An Unusual Cause of Hand Cellulitis
In August 2005, a 64-year-old white man presented with swelling of his left hand. There was no history of local trauma, local wound, fever, or systemic symptoms. He was first diagnosed as having cellulitis of the hand and was empirically treated with intravenous ceftriaxone for 3 days. Despite this treatment, the local status worsened, and the patient was transferred to our institution. He was also known to have mild hypertension, hypercholesterolemia, moderate dilated cardiopathy, and moderate aortic regurgitation. On admission, he complained of increasing pain and swelling of the left hand (Figure). Blood laboratory work showed normocytic normochromic anemia with no leucocytosis and no band forms. Blood chemistry was normal except for a modest increase of the C-reactive protein (43 mg/L). The left hand was red, swollen, and painful, which was clinically compatible with cellulitis. However, there was a pulsating mass on the palmar side of the hand.
Ultrasonography showed a 14×8-mm area of decreased echogenicity with arterial flow on Doppler examination. Anatomic details were further delineated by arteriography, which showed a false aneurysm arising from the superficial palmar arch. Clinical presentation, ultrasonography, and angiography suggested a mycotic aneurysm. In the presence of aortic regurgitation, endocarditis was suspected and was actively searched for. Transthoracic echocardiography confirmed the known aortic regurgitation but revealed no vegetations. The patient refused transesophageal cardiac ultrasound. Blood cultures revealed the presence of a penicillin-multisensitive α-hemolytic streptococcus (streptococcus parasanguinis). A 4-week treatment of intravenous penicillin was initiated, with progressive improvement of local symptoms. The mycotic aneurysm was surgically removed. Histological analysis of the aneurysm revealed the presence of many Gram-positive bacteria, thereby confirming the diagnosis. Under antibiotic therapy, blood cultures normalized, and cardiac function and aortic valvular regurgitation remained stable.
Koch reported the first case of an infected aneurysm of the superior mesenteric artery in 1851. Later, Osler used the term “mycotic aneurysm” when reporting thoracic aneurysm associated with infective endocarditis in 1885. The term mycotic aneurysm now is used in a broader sense, describing all infected aneurysms that may result from various causes such as penetrating wounds, infected anastomotic aneurysms, contiguous extravascular infections, infected preexisting aneurysms, and embolic mycotic aneurysms. The ascending aorta, intracranial, and abdominal arteries are the most commonly involved sites. However, almost every artery may be concerned.1 Mycotic aneurysms are relatively rare in the upper extremity. According to the literature, 3% to 15% of patients with infective endocarditis develop mycotic aneurysm.2,3 On such occasions, the arterial structure is seeded by septic emboli and is progressively destroyed with subsequent formation of mycotic (false) aneurysms. The most common Gram-positive pathogens cultured from mycotic aneurysms include the Staphylococcus aureus and Streptococcus species. The Gram-negative microorganism that is commonly found in mycotic aneurysms is the Salmonellaspecies, but Escherichia Coli and Pseudomonas aeruginosa also have been reported. Less common causes of mycotic aneurysms may be fungi (Aspergillus, Candida) in immunocompromised patients. Because the infection weakens the arterial wall, the natural history of mycotic aneurysm is to enlarge and rupture regardless of whether the infection is cleared. Therefore, surgery is indicated, and the procedure of choice, when possible, is the excision of the aneurysm.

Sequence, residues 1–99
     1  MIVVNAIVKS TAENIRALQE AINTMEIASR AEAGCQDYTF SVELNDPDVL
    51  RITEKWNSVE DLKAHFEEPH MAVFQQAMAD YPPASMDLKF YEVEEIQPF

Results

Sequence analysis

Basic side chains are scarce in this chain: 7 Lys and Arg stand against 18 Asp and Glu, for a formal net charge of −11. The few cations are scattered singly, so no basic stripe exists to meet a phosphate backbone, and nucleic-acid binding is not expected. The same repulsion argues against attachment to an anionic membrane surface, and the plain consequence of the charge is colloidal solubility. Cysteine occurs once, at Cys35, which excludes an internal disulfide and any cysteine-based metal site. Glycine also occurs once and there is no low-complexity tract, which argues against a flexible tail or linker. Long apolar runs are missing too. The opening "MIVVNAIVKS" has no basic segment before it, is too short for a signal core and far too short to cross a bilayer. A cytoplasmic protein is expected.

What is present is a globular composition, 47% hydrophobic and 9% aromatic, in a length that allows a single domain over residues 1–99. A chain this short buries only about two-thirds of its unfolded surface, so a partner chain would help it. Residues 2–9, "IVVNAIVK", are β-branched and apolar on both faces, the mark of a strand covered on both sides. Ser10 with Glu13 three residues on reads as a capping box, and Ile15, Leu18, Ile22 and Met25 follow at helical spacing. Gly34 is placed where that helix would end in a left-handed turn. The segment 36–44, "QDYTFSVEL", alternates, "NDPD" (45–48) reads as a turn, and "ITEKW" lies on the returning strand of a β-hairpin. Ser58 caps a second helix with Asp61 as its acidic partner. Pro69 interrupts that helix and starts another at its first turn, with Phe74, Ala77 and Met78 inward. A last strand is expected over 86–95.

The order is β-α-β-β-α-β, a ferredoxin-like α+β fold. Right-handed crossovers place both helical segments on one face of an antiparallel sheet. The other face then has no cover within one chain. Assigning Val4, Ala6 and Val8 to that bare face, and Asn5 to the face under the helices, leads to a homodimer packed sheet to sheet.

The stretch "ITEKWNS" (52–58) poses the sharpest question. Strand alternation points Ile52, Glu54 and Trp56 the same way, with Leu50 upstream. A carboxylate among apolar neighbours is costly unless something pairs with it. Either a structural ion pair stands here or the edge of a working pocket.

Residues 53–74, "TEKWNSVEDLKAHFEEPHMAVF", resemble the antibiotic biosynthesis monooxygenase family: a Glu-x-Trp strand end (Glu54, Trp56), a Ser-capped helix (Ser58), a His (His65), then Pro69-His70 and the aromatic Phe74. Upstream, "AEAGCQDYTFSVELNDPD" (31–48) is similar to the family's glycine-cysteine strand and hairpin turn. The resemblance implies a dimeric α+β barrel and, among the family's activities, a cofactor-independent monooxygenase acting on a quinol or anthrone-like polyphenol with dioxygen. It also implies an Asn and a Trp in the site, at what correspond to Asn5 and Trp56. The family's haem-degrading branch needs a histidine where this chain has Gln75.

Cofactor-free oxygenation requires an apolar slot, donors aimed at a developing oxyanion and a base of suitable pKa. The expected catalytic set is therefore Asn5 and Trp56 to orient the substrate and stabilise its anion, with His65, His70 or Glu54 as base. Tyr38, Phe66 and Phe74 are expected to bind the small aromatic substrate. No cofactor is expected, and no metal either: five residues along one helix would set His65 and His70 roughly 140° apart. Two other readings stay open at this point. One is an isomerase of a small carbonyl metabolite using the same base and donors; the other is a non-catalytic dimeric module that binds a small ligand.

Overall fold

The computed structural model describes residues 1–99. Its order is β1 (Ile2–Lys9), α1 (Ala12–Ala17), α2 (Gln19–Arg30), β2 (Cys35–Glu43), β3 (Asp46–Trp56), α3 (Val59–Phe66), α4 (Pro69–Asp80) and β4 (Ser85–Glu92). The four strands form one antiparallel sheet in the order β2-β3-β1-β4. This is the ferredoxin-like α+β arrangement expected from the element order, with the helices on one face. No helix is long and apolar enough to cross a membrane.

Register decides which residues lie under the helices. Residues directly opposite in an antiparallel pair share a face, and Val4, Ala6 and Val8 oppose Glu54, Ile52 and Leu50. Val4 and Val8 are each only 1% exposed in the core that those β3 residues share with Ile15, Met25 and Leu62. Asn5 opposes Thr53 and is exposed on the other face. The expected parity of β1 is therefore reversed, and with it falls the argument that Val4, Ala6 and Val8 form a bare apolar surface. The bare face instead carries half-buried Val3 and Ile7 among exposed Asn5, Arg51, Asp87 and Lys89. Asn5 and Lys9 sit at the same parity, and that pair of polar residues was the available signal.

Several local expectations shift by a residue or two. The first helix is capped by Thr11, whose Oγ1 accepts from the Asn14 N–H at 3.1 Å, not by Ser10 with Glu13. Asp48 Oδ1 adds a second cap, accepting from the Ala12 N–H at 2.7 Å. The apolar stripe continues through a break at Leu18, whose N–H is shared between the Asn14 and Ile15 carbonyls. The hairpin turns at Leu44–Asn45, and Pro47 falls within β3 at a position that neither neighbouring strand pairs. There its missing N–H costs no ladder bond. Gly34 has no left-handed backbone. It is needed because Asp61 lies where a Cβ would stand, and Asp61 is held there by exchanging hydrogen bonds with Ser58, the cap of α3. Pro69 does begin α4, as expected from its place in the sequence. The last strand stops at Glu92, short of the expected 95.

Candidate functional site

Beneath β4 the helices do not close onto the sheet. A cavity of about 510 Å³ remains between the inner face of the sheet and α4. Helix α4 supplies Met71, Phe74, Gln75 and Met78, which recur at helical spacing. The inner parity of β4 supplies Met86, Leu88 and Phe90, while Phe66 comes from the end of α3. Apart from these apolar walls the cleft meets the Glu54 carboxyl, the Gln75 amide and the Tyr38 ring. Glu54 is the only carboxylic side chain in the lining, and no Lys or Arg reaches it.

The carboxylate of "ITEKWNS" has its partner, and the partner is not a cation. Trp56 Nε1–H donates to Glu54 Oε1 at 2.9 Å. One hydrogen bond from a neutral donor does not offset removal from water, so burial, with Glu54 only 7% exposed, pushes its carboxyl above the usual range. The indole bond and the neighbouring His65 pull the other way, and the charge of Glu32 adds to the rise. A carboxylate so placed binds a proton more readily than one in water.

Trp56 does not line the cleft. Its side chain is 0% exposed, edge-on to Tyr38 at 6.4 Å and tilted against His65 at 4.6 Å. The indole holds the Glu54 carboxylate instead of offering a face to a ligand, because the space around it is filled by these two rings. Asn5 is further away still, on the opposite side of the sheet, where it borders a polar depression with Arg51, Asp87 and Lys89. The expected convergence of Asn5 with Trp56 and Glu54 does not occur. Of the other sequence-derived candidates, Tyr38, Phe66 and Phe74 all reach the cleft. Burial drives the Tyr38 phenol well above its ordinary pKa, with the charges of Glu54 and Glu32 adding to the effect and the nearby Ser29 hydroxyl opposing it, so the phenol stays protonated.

In conclusion, we report a well-documented case of mycotic false aneurysm of the superficial palmar arch presenting as hand cellulitis and leading to the diagnosis of hitherto undiagnosed endocarditis. Mycotic aneurysm in this location is very rare and has been previously reported in only 2 patients.4,5 Because mycotic aneurysm may affect almost every arterial vessel of the body, it may easily masquerade as some other severe infection. Therefore, in absence of overt endocarditis, the diagnosis may be very puzzling, as shown by this case report.